Sign outside Officeworks store sparks anger

Sign outside Officeworks store sparks anger

An Officeworks customer has complained about a sign seen outside a Sydney store advising customers of the retailer’s attempt at a “mobile phone location monitoring” program.

The notice said the CBD-based retailer would collect the data to “optimize” the store and customer experience.

“This is part of our ongoing efforts to improve service and provide our customers with the best shopping experience,” the sign reads.

“No personal or identifying information will be collected as part of this study.”

Customers were informed that if they wanted to opt out of surveillance while in store, they would have to turn off their Wi-Fi or put their phones on airplane mode.

A photo of the message was posted to Reddit by user Equivalent-Ad7207, along with the caption: “What do Hunter Street Officeworks think they (sic) are playing?”

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Other users also seemed unimpressed, with one person claiming that Officeworks can “improve the customer experience” by not tracking the locations of people who are in the store.

Other comments claimed that several stores and malls are already using the technology, although most do not inform customers in this way.

“It’s going to suck not being able to go to most major chain stores or malls,” wrote one Reddit user.

“They’ve all been doing this for ages. This is just the first time I’ve seen a sign informing the customer.”

Another person agreed that this type of tracking has been around for a while, but noted that it’s “still gross.”

“These things have been going on for years on a larger scale with Bluetooth beacons connected to outlets and things like that,” they said.

“When you go to a mall, they (advertisers/mall management) know what stores and areas you shop or hang out in.

“Started around the same time phone updates made it harder to permanently turn off Bluetooth. Still disgusting.”

Commenting on news.com.au, a spokesman for Officeworks said Wi-Fi signal monitoring is currently being used in 15 stores to “learn more about customer movements to improve store layouts and customer experiences”.

“At no time is personally identifiable information collected and we have prominent signs in store providing customers with information on how to opt out by simply turning off their WiFi or using Airplane mode while in store ‘ they repeated.

“The information collected cannot be used for marketing purposes. Officeworks always handles data securely and carefully and complies with all relevant laws.”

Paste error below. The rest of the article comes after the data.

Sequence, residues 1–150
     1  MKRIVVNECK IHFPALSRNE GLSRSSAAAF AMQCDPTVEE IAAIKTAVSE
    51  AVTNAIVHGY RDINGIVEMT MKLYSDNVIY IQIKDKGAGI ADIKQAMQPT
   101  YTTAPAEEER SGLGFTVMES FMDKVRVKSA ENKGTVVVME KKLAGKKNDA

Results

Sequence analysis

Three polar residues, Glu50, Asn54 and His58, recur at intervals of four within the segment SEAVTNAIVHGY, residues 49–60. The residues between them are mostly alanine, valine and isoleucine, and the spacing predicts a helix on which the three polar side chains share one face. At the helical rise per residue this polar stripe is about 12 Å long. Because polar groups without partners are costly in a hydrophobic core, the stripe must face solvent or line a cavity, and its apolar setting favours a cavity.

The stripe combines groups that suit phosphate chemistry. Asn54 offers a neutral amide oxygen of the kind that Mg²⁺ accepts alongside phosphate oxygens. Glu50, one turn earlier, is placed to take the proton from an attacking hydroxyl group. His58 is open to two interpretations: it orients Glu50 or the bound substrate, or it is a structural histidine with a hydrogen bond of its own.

Sneaky Wi-Fi tracing technique used by businesses

Last month, cyber security engineer Rafig Jabrayilov warned that companies are using intelligent software capable of tracking the location of each customer’s phone.

The cyber expert said the software is so precise that it can pinpoint how long each customer spent looking at specific products on specific shelves.

“For any person trying to keep their personal information private, this is not fair. Every single person has the right to protect their privacy,” said Mr. Jabrayilov.

“A purchase in a store should not mean that you have to give out your personal information.”

Businesses can track the physical location of their customers through easily accessible information distributed through their smartphones.

Apple and Android devices emit radio waves between 10 and 20 meters in diameter that transmit their MAC (Media Access Control) address – a 12-digit code that is unique to each device and identifies it.

Stores like Nordstrom in the United States – the focus of a New York Times bombshell – can set up sensors in physical stores that provide accurate information about consumer behavior.

Mr Jabrayilov said major Australian retailers are also involved in tracking consumer devices through their camera faces but he was in no position to share the names of the outlets.

“You’re basically trying to identify your gender, which store you frequent, how many people pass by and enter stores, and which department they frequent,” Mr Jabrayilov said.

Bunnings and Kmart are investigated

Earlier this month, it was revealed that the Australian Data Protection Authority was investigating Bunnings and Kmart’s use of facial recognition technology.

The Office of the Australian Information Commissioner (OAIC) ​​confirmed it has opened an investigation into the technology, which focuses on how the retail giants are handling customers’ personal information.

The investigations followed a report by consumer group Choice on retailers’ use of facial recognition technology.

Choice analyzed the privacy policies of 25 major retailers and found that The Good Guys, Kmart and Bunnings recorded their customers’ biometric data.

Face recognition uses video cameras to analyze images and capture each person’s unique facial features, known as a faceprint.

But research by Choice found 76 per cent of Australians were unaware retailers were doing this – despite signing up at the storefront.

Australian Information Commissioner and Privacy Commissioner Angelene Falk has also launched a preliminary investigation into Good Guys Discount Warehouses (Australia) after the company reportedly stopped using facial recognition technology.

Bunning’s Chief Operating Officer Simon McDowell said he is aware of and will work with OAIC investigations into the use of facial recognition technology in its stores.

“As we have explained, this technology is used solely to ensure team and customer safety and to prevent illegal activity in our stores and we have strict controls over its use,” he said.

After the Choice research was released, Australians shared their anger, branding the use of the advanced cameras and the collection of personal information as “creepy” and “disgusting”.

Some said they would stop shopping in stores as a result.

– With NCA NewsWire

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